The building on Bahnhofstrasse is the wide, balconied building not far from Michael’s street. The site of their affair and Hanna’s home, the building can be seen as a metaphor for Hanna herself. For example, as a small child, Michael fantasized about the building, imagining it to be elegant and full of grand things and people. When he visits Hanna in her apartment, however, he discovers that the building’s interior is shabby and plain, in contrast to its lavish façade. Similarly, Hanna’s façade—her body—occupies Michael’s fantasies, only for him to discover later that her inner nature is, if not monstrous, then at least unquestioning and passively immoral, leading her to commit war crimes as a Nazi prison guard. Later, as an adult, the building haunts Michael in dreams where he can never enter the building, nor see through its windows. Like the building, the memory of Hanna haunts Michael but never fully presents itself to him. Just as the building’s windows are opaque in Michael’s dreams, so too are Hanna’s thoughts and motivations.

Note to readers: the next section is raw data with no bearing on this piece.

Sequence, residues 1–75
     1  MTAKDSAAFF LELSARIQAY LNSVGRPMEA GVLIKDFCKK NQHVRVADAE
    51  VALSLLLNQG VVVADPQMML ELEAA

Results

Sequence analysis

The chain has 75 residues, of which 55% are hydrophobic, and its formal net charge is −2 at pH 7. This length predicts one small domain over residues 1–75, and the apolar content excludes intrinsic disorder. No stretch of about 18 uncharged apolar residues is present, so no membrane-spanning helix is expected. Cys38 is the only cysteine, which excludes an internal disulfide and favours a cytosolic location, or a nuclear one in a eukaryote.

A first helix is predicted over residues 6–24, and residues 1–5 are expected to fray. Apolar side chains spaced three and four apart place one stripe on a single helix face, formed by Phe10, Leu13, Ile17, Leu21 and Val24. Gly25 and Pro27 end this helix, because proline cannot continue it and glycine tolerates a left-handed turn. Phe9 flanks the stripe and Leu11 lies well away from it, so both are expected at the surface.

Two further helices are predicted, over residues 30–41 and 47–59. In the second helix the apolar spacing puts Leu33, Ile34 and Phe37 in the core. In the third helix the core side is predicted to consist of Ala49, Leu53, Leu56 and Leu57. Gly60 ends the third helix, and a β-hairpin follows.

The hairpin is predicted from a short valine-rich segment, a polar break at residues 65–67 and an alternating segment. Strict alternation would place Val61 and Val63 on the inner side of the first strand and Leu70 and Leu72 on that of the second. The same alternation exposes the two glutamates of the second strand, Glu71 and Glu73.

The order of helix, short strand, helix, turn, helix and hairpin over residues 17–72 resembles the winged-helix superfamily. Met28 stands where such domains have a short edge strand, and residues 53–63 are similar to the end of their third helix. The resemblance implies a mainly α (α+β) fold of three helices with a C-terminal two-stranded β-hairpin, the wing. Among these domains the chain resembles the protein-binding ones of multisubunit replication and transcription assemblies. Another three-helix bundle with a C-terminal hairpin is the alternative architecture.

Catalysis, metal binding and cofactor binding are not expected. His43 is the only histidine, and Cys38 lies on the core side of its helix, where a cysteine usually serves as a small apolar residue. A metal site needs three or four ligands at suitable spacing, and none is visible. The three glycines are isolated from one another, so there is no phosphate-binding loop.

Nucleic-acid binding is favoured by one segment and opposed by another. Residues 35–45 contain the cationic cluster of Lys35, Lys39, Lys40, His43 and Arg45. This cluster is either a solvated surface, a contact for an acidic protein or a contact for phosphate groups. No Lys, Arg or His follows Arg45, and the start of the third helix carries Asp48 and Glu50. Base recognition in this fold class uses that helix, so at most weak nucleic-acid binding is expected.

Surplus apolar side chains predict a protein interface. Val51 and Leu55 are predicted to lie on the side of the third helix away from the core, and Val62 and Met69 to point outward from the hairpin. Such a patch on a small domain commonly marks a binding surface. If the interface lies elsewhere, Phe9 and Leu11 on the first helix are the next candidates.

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The timeline below shows where the symbol Building on Bahnhofstrasse appears in The Reader. The colored dots and icons indicate which themes are associated with that appearance.
Part 1, Chapter 1
...in October, Michael is walking home from school when he becomes violently sick near a building on Bahnhofstrasse (the name of a street). Already ashamed for becoming increasingly weak, he becomes... (full context)
Part 1, Chapter 2
Part 1, Chapter 3
Part 1, Chapter 4
Part 1, Chapter 17